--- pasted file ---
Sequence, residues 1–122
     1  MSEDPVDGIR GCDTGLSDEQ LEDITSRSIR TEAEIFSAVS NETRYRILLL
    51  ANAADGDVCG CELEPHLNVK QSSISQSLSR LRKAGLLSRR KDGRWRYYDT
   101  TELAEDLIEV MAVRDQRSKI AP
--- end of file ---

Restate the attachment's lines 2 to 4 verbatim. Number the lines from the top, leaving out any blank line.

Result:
     1  MSEDPVDGIR GCDTGLSDEQ LEDITSRSIR TEAEIFSAVS NETRYRILLL
    51  ANAADGDVCG CELEPHLNVK QSSISQSLSR LRKAGLLSRR KDGRWRYYDT
   101  TELAEDLIEV MAVRDQRSKI AP